About the Collection
About the Collection
There are 1,799 photographs in the George Beard Photograph Collection, primarily consisting of exquisite landscapes of Beard’s adopted mountain west. Usually these landscapes were not identified by place, however, his beloved Uinta mountains Grandaddy Lakes region, or his family retreat in Glendale on the upper Weber River, or the Tetons or the Wind River Range in Wyoming were frequent subjects. There is a documentary quality in these mountain scenes, and interestingly Beard often placed people in his landscapes, especially his own family who generally traveled with him.
Beard’s photographic work apparently took second place to his painting during his lifetime, but there is no question photography was a major part of his artistic technique. It is immediately evident in viewing his photographs that he had an artist’s eye for composition and lighting. Beard’s daughter, Edna Beard Taylor, recalled that her father: “photographed and made sketches of the subject during the summer and in the winter he would reproduce them on canvas. He always said mother was his greatest critic and inspiration. He was untiring in his photography. He would wait for hours for certain light and cloud effects.”1 Although his daughter speaks of his summer trips feeding his output of paintings in the winter, it is obvious that he had a love affair with winter scenes. At least 110 of his scenic views are landscapes, with Chalk Creek, near Coalville, a much photographed subject.
Nelson Wadsworth observes that Beard picked up most of his photographic training on his own, with the help of Charles Roscoe Savage, famed pictorial photographer and owner of the Pioneer Art Bazaar in Salt Lake City (see online Savage collection). Apparently Savage processed Beard’s early photographs until he set up a darkroom in his Coalville home.2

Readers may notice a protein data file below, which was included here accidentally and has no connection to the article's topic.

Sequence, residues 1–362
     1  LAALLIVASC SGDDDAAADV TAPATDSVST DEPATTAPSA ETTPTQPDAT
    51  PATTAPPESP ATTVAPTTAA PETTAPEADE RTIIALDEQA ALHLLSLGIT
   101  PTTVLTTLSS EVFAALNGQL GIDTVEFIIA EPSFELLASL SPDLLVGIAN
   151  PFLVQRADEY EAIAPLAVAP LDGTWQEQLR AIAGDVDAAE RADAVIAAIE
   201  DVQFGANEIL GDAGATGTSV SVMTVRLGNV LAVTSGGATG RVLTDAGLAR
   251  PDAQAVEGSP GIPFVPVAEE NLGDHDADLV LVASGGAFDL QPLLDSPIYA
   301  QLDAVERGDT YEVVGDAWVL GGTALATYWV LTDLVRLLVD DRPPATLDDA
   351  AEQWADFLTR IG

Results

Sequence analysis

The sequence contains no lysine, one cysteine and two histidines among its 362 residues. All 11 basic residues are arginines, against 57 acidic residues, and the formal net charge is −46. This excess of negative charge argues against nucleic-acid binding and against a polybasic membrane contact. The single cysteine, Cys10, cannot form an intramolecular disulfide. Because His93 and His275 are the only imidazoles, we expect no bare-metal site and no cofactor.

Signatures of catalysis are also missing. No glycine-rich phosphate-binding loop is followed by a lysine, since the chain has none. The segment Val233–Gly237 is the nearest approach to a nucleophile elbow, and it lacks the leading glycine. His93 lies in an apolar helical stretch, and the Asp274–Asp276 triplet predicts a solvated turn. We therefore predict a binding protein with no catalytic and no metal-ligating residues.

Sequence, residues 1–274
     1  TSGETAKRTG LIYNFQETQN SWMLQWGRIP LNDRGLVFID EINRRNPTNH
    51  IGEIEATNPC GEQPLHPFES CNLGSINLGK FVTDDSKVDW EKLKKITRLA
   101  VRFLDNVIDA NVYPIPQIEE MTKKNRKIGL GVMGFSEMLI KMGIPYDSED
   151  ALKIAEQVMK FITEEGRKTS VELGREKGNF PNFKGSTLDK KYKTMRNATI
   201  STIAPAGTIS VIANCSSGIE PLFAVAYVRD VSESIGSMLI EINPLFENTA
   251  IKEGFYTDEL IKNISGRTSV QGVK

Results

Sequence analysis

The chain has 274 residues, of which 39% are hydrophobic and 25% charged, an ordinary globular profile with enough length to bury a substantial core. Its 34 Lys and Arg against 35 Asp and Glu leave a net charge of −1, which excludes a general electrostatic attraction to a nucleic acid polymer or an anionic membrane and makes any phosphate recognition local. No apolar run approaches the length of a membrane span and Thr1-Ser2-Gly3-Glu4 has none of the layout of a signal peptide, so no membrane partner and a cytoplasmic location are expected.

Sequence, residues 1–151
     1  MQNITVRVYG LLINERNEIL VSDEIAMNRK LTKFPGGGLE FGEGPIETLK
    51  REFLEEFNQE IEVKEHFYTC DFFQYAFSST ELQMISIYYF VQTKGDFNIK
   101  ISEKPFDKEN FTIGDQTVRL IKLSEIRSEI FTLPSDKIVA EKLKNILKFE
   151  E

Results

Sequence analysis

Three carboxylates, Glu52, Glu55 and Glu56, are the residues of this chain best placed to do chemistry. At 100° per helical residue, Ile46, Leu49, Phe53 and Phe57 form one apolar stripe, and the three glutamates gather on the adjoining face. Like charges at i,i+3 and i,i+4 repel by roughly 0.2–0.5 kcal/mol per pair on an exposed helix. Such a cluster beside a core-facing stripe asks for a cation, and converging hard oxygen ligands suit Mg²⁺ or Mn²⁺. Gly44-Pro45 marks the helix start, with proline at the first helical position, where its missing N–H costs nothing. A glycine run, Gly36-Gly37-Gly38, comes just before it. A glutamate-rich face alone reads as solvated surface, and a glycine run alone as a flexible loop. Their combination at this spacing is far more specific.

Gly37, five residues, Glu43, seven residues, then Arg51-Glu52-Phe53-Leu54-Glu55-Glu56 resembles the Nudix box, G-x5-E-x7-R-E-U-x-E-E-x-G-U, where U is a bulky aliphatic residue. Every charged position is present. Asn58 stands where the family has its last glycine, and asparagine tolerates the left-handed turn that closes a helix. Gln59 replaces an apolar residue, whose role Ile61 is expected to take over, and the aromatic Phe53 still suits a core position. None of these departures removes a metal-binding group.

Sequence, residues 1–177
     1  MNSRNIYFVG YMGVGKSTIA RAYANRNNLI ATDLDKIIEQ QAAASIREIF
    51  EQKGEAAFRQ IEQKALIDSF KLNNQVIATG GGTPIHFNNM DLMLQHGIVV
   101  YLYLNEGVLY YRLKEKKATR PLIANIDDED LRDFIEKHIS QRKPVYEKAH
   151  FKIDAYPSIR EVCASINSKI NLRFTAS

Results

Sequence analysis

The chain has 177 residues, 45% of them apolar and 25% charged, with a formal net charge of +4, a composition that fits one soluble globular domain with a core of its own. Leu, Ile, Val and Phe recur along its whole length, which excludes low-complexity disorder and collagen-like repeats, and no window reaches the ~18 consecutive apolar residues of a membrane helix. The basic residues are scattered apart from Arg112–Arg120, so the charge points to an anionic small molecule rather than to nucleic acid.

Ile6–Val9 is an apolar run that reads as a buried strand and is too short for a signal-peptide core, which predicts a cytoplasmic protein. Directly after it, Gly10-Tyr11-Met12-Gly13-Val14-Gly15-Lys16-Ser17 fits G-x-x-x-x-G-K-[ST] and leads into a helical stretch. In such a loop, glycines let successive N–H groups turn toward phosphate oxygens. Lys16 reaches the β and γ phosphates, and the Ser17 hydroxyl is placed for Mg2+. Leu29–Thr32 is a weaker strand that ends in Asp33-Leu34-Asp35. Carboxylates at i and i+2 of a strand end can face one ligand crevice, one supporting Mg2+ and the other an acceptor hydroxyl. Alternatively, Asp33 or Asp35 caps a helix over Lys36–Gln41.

Beard’s photographs were not displayed during his lifetime, but he would occasionally make prints to share with friends and family members and to use as his inspiration for his paintings.3 This undoubtedly explains why the collection primarily consists of negatives, with only 197 original prints. There are 1042 glass plate or gelatin dry plate negatives, 532 nitrate or nitrocellulose negatives, and 27 negatives on safety film. Beard also occasionally purchased a photograph to assist him in his art and that explains the 32 photographs by Harry Shipler of Salt Lake City’s Shiplers Commercial Photographers. These images are primarily of Bryce Canyon.
We are delighted to bring to the public a collection of photographs that have not received the acclaim they deserve. We also couldn’t agree more with Ralph Jordan, a Deseret News columnist who, about a year before Beard’s death, praised his paintings and declared: “He’s also a photographer…or more accurately, an artist with a camera. In more than 20 years of handling pictures for newspapers, I’ve never seen anything like his camera studies of scenes in his beloved mountains and valleys…. George Beard, of Coalville, is a man the world should know.”4
- J. Kenneth Davies, George Beard: Mormon Pioneer Artist with a Camera (Provo, UT: The Author, 1980?): 74, 81.
- George Beard: Pioneer Artist with a Camera (Provo, UT: B.F. Larsen Gallery, Harris Fine Arts Center, Brigham Young University, 1975): 5.
- Quoted in Davies, i–ii.